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For further information please contact installer Adam Weir at:, Sharp & Diamond Landscape Architecture and Planning at:

Burnside Gorge Community Centre is the first building for the City of Victoria to be designed to meet LEED* Platinum Standard. It is a concrete structure set into the hillside with extensive green roofs in order to preserve the natural setting of the Cecelia Ravine Park. This architectural feature permitted a minimal mechanical plant for this type of building. Numerous sustainable features include natural ventilation, heat recovery, high thermal mass, energy efficient lighting, and natural storm water control measures. In November, 2009 the Burnside Gorge Community Centre received LEED? Canada-NC Certification.The eco-roof of the Burnside Gorge Community Centre is primarily an extensive green roof that forms a self-sustaining ecosystem featuring 24 species of native and hardy sedums, grasses wildflowers, and shrubs. When established, these meadow plants require minimal maintenance. In most areas, the specially designed ‘soil’ will vary from 3″ (75mm) to 6″ (150mm) in depth. The light weight growing medium is selected for good drainage and moisture retention for the xeric drought-resistant plants. The media is bermed to a 12″ depth in areas to accomodate native juniper & rosa shrubs.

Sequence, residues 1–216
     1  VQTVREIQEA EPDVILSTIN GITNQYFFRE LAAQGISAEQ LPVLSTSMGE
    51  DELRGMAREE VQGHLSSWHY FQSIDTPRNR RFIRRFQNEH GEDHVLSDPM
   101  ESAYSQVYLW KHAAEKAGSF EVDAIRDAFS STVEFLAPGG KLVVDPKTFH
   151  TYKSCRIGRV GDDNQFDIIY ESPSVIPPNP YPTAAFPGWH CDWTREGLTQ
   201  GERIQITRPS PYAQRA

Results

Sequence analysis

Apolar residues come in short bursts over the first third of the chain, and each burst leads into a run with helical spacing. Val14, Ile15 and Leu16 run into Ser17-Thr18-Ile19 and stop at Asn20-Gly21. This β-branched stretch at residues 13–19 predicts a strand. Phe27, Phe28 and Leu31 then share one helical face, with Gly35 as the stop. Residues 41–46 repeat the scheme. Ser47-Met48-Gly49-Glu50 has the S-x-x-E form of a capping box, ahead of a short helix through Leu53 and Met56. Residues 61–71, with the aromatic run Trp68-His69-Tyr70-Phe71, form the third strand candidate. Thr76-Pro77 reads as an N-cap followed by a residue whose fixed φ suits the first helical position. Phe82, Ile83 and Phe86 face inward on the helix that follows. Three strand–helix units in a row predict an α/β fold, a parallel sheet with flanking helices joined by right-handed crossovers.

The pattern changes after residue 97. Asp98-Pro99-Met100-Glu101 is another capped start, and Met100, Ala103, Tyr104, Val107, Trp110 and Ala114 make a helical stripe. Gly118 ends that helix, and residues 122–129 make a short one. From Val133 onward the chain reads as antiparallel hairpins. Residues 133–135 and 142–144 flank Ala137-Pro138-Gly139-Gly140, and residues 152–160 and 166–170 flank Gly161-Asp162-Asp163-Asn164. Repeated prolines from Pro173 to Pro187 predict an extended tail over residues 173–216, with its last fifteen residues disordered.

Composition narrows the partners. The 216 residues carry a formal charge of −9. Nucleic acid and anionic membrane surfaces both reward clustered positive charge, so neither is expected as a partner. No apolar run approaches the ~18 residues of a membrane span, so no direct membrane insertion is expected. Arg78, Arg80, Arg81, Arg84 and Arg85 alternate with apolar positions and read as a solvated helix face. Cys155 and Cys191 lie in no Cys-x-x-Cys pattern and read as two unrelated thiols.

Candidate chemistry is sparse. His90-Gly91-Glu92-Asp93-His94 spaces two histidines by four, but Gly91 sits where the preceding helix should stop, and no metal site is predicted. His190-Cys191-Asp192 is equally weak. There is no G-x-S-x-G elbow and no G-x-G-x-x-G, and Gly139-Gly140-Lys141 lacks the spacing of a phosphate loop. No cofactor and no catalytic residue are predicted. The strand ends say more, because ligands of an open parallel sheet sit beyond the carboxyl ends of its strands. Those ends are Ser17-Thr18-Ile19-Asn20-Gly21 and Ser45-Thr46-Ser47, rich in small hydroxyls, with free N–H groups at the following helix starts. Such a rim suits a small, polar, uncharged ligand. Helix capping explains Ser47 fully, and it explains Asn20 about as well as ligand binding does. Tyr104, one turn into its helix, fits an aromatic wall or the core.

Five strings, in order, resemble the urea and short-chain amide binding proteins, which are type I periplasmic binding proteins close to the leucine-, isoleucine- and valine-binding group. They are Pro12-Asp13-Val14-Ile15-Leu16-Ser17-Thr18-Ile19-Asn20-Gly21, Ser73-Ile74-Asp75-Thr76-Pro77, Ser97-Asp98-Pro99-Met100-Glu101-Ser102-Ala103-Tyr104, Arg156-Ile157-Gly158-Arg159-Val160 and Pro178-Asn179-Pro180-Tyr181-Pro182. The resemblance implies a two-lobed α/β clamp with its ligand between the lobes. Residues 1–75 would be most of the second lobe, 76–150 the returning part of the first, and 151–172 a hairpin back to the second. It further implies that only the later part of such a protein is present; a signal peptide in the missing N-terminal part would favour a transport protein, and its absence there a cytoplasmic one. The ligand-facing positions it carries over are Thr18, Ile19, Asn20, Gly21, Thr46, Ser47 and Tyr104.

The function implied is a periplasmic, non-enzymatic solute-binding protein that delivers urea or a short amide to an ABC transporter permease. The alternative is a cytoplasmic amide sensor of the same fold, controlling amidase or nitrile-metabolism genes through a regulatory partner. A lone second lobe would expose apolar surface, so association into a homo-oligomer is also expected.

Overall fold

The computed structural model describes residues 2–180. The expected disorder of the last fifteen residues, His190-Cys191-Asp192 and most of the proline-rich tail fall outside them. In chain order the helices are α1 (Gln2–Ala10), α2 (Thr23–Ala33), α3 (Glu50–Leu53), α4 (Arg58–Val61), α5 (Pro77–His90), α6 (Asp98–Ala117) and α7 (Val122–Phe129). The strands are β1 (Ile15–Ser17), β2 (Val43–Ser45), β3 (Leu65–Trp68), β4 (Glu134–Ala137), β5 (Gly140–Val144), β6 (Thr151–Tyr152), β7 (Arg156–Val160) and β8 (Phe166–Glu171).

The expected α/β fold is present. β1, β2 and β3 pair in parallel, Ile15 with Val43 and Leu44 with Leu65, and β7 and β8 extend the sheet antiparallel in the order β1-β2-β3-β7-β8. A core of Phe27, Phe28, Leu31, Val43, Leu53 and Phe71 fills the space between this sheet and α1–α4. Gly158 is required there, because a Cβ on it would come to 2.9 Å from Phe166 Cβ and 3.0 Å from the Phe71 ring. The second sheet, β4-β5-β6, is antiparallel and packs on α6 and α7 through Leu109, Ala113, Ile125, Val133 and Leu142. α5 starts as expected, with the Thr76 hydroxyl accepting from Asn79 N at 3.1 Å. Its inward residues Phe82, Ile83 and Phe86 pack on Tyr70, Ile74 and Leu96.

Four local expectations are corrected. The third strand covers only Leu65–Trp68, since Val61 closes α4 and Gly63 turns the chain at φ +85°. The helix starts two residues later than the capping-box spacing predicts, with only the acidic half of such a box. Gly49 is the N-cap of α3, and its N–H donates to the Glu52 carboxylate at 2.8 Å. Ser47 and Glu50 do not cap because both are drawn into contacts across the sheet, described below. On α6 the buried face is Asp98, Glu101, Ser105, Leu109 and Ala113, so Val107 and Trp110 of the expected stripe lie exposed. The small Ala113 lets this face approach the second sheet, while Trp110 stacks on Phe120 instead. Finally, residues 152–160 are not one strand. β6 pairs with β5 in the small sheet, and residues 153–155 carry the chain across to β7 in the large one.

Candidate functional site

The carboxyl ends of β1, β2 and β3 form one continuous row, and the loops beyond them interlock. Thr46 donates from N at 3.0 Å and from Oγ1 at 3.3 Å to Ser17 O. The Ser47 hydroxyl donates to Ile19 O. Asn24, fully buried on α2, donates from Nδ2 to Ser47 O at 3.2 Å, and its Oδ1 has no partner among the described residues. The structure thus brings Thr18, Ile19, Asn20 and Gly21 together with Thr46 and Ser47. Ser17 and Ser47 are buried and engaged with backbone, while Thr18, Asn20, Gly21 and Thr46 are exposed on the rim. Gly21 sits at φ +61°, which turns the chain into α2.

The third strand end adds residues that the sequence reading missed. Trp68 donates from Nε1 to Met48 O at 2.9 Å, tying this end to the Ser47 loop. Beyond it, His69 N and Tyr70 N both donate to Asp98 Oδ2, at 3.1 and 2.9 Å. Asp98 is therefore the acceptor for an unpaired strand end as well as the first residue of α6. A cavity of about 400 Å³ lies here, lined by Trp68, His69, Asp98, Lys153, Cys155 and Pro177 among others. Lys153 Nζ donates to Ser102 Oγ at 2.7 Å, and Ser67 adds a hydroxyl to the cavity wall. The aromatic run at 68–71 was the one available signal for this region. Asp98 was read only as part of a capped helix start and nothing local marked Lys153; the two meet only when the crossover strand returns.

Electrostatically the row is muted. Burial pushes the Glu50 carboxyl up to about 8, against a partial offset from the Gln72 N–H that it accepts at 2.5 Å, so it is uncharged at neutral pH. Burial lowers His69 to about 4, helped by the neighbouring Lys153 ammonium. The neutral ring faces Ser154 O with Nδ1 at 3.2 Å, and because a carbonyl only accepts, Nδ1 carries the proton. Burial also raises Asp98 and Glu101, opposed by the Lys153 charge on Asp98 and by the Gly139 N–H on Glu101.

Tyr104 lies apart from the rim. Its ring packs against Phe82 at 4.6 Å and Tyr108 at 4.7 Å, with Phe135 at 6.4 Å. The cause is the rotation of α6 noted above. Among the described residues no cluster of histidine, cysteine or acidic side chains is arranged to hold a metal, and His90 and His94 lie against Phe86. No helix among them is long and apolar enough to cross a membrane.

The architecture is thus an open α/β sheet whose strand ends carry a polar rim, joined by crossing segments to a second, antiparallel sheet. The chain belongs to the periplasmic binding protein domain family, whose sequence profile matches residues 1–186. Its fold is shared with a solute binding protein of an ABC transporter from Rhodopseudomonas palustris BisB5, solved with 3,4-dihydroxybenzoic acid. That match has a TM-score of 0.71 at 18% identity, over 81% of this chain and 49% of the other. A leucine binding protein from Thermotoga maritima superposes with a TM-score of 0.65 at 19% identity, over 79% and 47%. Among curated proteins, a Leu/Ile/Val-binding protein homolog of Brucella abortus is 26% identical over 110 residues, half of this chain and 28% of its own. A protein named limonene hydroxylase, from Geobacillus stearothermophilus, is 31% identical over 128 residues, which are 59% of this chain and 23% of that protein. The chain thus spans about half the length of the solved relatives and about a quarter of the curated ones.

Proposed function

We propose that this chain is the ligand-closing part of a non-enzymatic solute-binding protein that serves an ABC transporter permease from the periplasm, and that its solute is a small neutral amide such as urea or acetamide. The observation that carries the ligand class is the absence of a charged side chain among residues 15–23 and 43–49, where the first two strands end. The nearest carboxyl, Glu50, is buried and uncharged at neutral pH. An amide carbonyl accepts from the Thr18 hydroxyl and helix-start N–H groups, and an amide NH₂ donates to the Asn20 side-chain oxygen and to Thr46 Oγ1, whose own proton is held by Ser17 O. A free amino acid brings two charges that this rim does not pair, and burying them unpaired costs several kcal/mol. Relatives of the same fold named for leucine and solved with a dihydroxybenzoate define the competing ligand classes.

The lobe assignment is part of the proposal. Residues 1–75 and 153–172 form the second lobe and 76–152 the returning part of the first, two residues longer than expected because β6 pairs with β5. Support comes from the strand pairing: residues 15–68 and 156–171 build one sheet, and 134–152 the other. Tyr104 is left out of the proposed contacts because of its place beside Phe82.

The planting composition for eco-roofs replicates the coastal bluff ecosystem characterized by thin soils on wind-swept rocky sites, subject to extremes in temperature and moisture stress. Adjacent to the roof deck, Garry Oak and Pacific Crab Apple will be planted along with other trees and shrubs which are indigenous to Victoria and the Southern Gulf Islands. Above the main entrance to the building a circular planter features kinnikinnick, three arbutus menziesii, and the rare naturally occuring hybrid of the two: Hairy manzanita!This is a ‘loose-laid’ system with underlying components supplied by Soprema. The drain board is ‘Sopradrain 10-G’ and the root barrier is “Microfab.” The growing medium is a custom blend specified by the landscape architect to contain as the primary aggregate black lapillo, a volcanic glass sourced from Quesnel, BC. Much of the plant material was custom propagated by N.A.T.S. Nursery in Langley, BC – who kindly sourced the remaining larger specimen trees and shrubs as well. The edging detail for the gravel pathway was conceived by the landscape contractor – a high-profile brick paver edging screwed to strips of ‘Polyboard’ (recycled plastic plywood) which serve as flanges buried under the media & gravel to anchor the edging.


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